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Borrower Beware: College Financial Advisory

Loans, Student Loans

This company is on the NerdWallet Student Loan Watch List. The list flags student-loan businesses and individuals hit by enforcement actions, court judgments or liens, or bad ratings from the Better Business Bureau. Learn more in Who Gets Listed.

College Financial Advisory and two related companies agreed in a 2015 settlement with the Iowa attorney general to stop marketing their services in the state, pay a $25,000 fine and send refunds to any Iowans who ask for their money back.

The Consumer Financial Protection Bureau filed a lawsuit against the three companies in 2015, accusing them of sending deceptive letters to students and their families.

The California companies collected fees totaling at least $4.7 million from 76,000 customers for services available from the government for free, the CFPB alleged.

The two related companies named in the legal actions are Student Financial Resource Center and Global Financial Support Inc.

“Student Financial Resource Center and College Financial Advisory scammed thousands of students by masquerading as government agencies and other trusted organizations,” CFPB Director Richard Cordray said in a news release. “Students and families were looking for information on how to pay for college, instead they were illegally charged millions of dollars for sham financial services.”

Enforcement actions: The companies also agreed to stop marketing their businesses in Iowa and made other concessions, the state said in announcing the settlement. As part of the agreement, the company denied any wrongdoing.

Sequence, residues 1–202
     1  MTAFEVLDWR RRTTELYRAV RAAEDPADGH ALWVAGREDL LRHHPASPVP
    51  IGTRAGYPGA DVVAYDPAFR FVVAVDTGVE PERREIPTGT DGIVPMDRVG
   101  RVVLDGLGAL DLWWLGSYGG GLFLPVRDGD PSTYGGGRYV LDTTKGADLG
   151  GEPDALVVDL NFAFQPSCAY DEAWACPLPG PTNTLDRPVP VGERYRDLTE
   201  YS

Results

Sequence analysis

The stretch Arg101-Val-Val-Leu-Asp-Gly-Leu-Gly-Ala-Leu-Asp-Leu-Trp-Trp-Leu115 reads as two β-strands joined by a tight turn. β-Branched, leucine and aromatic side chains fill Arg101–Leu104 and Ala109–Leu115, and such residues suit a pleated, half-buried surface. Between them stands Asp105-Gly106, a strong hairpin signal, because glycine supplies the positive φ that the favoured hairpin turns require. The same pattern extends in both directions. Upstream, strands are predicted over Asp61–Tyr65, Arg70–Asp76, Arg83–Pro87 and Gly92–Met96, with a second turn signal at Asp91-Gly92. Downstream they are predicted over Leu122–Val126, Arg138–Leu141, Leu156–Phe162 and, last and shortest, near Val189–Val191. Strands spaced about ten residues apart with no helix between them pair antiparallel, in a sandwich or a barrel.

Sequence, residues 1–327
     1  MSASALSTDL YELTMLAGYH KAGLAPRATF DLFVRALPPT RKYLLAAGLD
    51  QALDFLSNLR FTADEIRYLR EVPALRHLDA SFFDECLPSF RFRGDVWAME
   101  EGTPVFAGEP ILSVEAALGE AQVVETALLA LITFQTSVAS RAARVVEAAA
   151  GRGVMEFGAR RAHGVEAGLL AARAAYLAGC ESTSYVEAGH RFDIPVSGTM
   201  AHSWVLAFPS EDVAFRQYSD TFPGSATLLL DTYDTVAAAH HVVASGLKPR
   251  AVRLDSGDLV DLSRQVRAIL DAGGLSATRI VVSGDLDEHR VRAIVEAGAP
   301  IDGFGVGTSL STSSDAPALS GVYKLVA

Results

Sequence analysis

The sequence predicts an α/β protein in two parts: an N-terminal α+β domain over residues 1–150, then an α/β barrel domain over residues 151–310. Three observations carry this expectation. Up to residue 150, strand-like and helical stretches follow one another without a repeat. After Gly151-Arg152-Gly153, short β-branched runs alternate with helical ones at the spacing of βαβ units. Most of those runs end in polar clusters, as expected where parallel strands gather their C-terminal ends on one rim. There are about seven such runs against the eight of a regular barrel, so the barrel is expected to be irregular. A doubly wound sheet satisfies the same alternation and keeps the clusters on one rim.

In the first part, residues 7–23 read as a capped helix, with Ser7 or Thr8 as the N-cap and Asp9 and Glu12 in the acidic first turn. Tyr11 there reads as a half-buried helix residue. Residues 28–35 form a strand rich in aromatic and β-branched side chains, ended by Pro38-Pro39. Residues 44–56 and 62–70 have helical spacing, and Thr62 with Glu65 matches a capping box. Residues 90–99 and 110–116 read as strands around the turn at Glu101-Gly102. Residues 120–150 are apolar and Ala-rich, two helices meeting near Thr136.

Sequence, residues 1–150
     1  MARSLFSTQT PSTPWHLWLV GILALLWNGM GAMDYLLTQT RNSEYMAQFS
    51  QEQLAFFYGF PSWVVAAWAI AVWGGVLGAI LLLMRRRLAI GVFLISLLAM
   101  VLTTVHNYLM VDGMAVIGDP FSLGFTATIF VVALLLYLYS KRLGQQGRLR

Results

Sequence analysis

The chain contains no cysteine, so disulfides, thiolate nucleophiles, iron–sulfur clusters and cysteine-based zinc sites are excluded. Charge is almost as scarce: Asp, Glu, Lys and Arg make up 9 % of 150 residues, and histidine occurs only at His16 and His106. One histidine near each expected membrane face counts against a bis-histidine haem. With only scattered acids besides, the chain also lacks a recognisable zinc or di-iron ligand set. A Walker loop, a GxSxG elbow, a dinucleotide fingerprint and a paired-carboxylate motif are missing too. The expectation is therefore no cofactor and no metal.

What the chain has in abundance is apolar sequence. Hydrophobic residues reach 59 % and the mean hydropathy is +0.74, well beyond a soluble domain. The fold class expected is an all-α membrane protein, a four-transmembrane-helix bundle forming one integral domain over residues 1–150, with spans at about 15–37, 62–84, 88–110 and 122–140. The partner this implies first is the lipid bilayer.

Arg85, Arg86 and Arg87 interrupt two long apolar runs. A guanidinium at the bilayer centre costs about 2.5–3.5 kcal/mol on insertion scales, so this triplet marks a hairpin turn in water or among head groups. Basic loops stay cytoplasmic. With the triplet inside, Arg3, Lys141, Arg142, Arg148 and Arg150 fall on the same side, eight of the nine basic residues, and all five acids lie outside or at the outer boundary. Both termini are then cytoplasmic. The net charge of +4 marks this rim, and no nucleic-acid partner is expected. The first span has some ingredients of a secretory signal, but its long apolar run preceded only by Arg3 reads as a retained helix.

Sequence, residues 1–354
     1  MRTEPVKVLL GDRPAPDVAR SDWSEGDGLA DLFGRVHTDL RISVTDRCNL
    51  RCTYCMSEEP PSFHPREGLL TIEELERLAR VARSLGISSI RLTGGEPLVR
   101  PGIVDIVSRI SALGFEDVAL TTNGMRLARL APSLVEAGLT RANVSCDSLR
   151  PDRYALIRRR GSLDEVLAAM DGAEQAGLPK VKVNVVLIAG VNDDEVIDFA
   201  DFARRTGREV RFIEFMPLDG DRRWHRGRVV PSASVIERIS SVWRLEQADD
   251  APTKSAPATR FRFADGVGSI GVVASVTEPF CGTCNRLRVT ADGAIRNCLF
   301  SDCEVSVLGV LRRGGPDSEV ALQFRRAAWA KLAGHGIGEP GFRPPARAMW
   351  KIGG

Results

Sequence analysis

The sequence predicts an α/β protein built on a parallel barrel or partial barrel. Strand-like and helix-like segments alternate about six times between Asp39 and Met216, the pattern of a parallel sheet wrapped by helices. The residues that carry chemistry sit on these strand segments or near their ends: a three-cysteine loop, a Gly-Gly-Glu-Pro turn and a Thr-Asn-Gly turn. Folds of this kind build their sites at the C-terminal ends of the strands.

The CFPB lawsuit alleges the company sent out letters between 2011 and 2015 to high school seniors, college students and their families. The letters contained deceptive official-looking seals, warned of a fake filing deadline and promised to connect students to financial aid by exploiting people’s unfamiliarity with the Free Application for Federal Student Aid, or FAFSA, the government said.

Fees collected ranged from $59 to $78, depending on the year, the agency said in announcing the lawsuit.

What the company claims to provide: Assistance to students and families seeking college financial aid. Its website boasted that it “saves students valuable time by conducting precise general research to match student’s qualifications and background to available free merit and need-based financial aid programs,” the CFPB lawsuit said.


Based: San Diego

Management: Armond Amir Aria, owner/CEO

Sources: Iowa attorney general; Consumer Financial Protection Bureau